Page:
OXFORD, Miss. – Georgia Tech fell to 1-2 on the season after a 48-23 loss at No. 17 Ole Miss on Saturday, a loss in which the Yellow Jackets gave up 34 points in the second half.
Tech trailed 24-17 with 10:31 to play before getting outscored 24-6 the remainder of the way. The Rebels (3-0) totaled 550 yards of offense, rushed for 299 yards and averaged nearly 10 yards per play.
The Jackets now turn their attention to a trip to Wake Forest (3-0) next week. But before then, here are five things we learned from Tech’s tough night inside Vaught-Hemingway Stadium.
There are still second half issues
For the second time this season, Tech let opportunity slip by the wayside while its defense faltered in the second half.
Ole Miss scored on 6 of 7 possessions over the final 30 minutes and five of those drives went for touchdowns. The Rebels had 341 yards of offense and gained 13.6 yards per play over 25 offensive snaps in the second half.
“They had a good game plan against what we had going on,” Tech safety LaMiles Brooks said. “They made plays when plays were needed. We’ll get back to the lab and try to prevent that next week.”
On Sept. 1, Tech opened the season with a 39-34 defeat to Louisville. The Cardinals outscored Tech 26-6 in the second half of that game.
Coach Brent Key’s team has now been outscored 64-26 in the second half and 24-7 in the third quarter in its two losses.
“Obviously it’s a disappointing game. Disappointing any time you don’t come out with the outcome that don’t you want, that you worked for,” Key said. “I thought we had a good plan. We had the opportunity to make some plays. When I say make plays, it’s everyone. Whether it’s make a block, make a tackle, make a catch, make a call, everyone’s involved when it comes to that.
“Everyone is involved when you win games, everyone is involved when you lose games. It’s plain and simple the way it is. We got to be able to sustain and continue to play four quarters regardless of what the scoreboard says.”
Singleton singled out
Tech came into the season featuring a deep group of veteran wide receivers. The likelihood of a freshmen rising toward the top of that group was, well, unlikely.
But Eric Singleton Jr. may be beginning to do that after three games. The Alexander High graduate now has 10 receptions for 200 yards and has hauled in three touchdowns for the Jackets. He had a 51-yard catch Saturday at Ole Miss and a 15-yard TD grab in the fourth quarter.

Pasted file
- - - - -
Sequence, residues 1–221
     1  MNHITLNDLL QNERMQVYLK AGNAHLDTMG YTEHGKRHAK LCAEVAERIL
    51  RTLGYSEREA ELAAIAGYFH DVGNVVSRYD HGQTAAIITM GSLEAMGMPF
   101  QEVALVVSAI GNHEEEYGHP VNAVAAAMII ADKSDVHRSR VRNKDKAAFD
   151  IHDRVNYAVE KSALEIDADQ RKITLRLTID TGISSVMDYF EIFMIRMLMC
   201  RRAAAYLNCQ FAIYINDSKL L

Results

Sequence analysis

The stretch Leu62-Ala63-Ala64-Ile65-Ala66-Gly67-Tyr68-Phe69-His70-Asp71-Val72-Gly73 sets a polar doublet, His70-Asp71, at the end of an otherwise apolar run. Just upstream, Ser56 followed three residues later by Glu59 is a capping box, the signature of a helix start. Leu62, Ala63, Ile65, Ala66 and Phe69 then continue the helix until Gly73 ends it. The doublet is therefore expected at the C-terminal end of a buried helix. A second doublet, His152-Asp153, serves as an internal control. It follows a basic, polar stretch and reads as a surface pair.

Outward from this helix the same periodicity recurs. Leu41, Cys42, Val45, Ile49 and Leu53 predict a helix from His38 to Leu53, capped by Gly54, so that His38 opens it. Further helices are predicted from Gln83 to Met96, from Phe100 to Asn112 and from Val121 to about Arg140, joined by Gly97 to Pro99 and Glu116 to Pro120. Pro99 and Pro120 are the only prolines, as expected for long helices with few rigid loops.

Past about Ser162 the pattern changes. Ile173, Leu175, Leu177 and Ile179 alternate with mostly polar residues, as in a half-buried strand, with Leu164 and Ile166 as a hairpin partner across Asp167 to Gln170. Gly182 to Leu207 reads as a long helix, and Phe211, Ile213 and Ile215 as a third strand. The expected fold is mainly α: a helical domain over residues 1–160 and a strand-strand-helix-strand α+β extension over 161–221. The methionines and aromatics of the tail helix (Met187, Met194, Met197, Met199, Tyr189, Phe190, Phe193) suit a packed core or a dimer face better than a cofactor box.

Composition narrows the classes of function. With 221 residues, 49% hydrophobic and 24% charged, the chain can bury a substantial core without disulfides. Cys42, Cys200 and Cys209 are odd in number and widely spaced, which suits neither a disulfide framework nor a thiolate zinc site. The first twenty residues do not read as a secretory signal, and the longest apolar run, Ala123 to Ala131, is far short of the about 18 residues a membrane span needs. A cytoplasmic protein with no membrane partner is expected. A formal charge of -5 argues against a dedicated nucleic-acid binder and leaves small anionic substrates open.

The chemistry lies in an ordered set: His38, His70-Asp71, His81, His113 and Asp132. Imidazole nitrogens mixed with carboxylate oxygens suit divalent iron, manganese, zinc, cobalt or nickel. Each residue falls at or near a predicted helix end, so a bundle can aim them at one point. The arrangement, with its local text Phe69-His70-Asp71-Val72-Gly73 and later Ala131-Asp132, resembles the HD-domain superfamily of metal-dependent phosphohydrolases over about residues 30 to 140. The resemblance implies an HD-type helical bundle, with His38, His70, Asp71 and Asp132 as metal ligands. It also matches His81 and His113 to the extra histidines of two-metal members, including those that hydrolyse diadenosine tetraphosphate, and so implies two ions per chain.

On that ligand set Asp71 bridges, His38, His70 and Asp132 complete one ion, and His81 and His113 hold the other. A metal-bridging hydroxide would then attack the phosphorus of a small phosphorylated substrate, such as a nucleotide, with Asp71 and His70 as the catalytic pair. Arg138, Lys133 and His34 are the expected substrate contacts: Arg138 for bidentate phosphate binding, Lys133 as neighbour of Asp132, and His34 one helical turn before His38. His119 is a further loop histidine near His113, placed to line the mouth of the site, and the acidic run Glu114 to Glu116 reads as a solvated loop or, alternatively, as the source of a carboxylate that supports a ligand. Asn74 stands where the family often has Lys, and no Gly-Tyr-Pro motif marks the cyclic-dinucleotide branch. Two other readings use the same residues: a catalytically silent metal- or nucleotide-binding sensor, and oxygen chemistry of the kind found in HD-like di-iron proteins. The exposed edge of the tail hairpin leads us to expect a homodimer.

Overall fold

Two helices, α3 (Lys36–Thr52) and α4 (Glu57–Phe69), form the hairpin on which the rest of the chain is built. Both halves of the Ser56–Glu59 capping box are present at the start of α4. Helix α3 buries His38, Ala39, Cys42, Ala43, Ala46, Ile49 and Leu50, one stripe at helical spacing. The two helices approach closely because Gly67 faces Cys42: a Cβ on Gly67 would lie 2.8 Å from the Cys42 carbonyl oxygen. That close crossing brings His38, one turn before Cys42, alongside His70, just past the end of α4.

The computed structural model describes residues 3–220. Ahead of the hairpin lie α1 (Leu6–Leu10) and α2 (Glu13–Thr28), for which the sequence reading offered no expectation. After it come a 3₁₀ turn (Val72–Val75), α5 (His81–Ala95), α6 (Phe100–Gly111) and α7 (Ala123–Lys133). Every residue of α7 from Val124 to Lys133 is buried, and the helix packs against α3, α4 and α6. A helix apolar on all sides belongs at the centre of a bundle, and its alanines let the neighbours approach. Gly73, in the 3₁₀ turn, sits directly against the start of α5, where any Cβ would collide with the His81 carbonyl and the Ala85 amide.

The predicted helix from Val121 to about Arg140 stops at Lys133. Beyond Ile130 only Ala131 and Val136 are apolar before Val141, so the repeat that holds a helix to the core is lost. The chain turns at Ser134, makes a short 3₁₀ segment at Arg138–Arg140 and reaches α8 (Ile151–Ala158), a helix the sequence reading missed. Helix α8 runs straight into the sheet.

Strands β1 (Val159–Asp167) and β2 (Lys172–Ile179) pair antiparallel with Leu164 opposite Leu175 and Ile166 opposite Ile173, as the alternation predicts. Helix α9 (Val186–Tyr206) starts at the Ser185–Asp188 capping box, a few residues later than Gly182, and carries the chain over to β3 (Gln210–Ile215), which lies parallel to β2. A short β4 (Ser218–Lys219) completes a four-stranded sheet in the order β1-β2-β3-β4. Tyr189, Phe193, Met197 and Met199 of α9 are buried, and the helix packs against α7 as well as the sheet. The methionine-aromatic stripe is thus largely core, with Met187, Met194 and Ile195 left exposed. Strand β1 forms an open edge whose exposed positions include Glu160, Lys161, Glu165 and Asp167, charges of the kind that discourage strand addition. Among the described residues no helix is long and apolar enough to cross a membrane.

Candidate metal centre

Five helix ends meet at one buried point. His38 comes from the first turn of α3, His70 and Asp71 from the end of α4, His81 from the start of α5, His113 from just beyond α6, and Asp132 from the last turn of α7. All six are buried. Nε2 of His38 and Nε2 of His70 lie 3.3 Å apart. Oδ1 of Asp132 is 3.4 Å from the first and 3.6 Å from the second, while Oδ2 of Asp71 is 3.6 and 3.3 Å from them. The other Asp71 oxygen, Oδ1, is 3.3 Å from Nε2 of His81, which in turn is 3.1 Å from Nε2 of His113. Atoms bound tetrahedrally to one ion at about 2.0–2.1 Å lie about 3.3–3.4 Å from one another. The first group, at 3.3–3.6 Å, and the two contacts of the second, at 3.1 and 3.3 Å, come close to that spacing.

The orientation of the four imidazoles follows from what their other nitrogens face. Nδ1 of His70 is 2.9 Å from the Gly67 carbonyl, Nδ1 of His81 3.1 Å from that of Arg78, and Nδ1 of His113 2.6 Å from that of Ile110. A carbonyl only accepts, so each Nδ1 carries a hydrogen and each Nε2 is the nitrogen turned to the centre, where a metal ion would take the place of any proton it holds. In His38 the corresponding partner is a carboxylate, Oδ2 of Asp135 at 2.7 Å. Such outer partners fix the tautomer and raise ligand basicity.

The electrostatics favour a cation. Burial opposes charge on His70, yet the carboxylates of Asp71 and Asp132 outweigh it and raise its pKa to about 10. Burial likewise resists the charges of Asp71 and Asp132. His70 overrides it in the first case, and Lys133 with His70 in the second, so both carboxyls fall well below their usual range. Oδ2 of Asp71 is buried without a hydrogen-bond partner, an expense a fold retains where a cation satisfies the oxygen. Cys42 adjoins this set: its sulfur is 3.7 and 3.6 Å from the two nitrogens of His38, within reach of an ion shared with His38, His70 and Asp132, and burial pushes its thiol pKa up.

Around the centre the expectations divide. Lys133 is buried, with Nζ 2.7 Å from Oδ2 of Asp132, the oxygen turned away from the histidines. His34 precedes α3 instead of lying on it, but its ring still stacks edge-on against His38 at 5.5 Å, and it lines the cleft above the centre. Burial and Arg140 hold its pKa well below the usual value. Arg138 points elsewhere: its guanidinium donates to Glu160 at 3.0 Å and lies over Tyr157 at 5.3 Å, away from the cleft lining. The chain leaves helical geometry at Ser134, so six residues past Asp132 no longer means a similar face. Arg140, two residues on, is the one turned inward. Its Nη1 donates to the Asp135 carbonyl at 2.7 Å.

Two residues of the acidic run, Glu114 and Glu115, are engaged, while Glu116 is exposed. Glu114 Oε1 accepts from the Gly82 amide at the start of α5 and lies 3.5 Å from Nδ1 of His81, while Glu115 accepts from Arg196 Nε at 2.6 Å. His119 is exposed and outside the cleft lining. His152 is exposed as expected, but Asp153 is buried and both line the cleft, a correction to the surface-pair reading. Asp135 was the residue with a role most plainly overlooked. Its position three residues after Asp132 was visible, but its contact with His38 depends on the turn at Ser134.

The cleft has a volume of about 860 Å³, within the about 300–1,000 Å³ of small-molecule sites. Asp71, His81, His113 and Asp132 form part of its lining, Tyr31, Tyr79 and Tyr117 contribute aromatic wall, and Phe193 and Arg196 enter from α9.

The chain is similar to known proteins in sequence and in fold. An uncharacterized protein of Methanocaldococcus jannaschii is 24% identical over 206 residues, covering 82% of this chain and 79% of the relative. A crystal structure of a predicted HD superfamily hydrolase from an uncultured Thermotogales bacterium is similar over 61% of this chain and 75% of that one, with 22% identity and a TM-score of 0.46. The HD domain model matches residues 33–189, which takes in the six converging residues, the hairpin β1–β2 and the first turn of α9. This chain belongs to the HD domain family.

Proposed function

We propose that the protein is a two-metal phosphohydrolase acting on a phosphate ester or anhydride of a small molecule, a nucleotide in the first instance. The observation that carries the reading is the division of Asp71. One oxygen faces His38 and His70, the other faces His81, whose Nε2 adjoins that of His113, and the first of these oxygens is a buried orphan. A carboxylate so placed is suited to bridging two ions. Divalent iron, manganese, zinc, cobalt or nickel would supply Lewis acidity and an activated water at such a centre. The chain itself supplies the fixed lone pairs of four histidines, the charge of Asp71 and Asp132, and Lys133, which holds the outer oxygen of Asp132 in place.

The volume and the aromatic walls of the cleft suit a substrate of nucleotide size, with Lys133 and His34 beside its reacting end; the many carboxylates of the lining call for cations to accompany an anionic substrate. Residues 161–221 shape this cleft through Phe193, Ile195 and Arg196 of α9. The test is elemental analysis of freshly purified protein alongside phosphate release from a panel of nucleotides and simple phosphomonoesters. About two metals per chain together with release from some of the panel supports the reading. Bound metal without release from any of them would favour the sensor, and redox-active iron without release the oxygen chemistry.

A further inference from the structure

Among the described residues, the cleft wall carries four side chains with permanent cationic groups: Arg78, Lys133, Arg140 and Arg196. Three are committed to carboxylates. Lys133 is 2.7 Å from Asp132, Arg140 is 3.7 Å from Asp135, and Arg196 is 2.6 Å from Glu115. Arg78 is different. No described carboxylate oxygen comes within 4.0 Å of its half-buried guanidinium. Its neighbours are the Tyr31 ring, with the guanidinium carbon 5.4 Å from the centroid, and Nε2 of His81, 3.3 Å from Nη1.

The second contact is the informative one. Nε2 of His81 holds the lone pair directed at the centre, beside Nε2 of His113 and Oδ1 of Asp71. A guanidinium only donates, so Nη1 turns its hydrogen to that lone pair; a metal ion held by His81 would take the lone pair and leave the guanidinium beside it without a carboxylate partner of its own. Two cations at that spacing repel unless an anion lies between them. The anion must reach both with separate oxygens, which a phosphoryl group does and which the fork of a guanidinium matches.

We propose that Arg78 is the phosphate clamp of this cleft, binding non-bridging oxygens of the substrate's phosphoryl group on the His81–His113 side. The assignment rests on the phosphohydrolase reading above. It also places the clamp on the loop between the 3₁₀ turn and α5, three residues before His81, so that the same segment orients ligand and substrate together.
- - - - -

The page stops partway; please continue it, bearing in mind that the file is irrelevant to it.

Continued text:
Nate McCollum and E.J Jenkins tied for Tech’s team lead in receiving touchdowns for the entire 2022 season. Each had three, a total Singleton has matched in the first three games of his young career.
King continues to get it done
Tech quarterback Haynes King continued to play at a very high level Saturday.
The sophomore threw for 310 yards and two touchdowns to go along with 42 yards rushing and a score on the ground. King now has 913 passing yards and nine passing touchdowns this season while completing 66.6 percent of his throws.
A late touchdown pass to tight end Avery Boyd on Saturday was King’s sixth different connection for a touchdown throw already this season.
“We got an identity and you’ve got to keep moving forward,” King said about his play and the Jackets’ offense. “We’re explosive, we’re gonna keep calling our stuff, we’re gonna hit some tempo, we’re gonna change it up.
“Gotta run the football, gotta pass the football and move on to the next play. You gotta keep rockin’ and rollin’, you can’t flinch. Just don’t flinch, keep moving and react to what’s going on.”
There are no flags on the field
Key has harped all season on playing disciplined football, which to him means more than a lack of penalties. But Tech played extremely clean in the penalty department Saturday with a flag-free game at Ole Miss.
Tech hadn’t had a penalty-free game since Sept. 3, 2015, against Alcorn State and has now only had eight such games in program history. For the season, the Jackets have only committed five infractions for an average of 1.6 per game.
The team committed 5.8 penalties per game in 2022.
Third down success
Tech hasn’t been great on third downs in 2023, but it hasn’t been terrible, either. And Saturday the Jackets did something they hadn’t done in six years.
The team’s 11 third-down conversions were its most since going 13-for-18 against Tennessee to start the 2017 season. Tech has only had a game with at least 10 third-down conversions twice since that 2017 game.
For the year, the Jackets are 23-for-43 on third down for a conversation rate of 53.4 percent. That’s up nearly 23 percent from a season ago.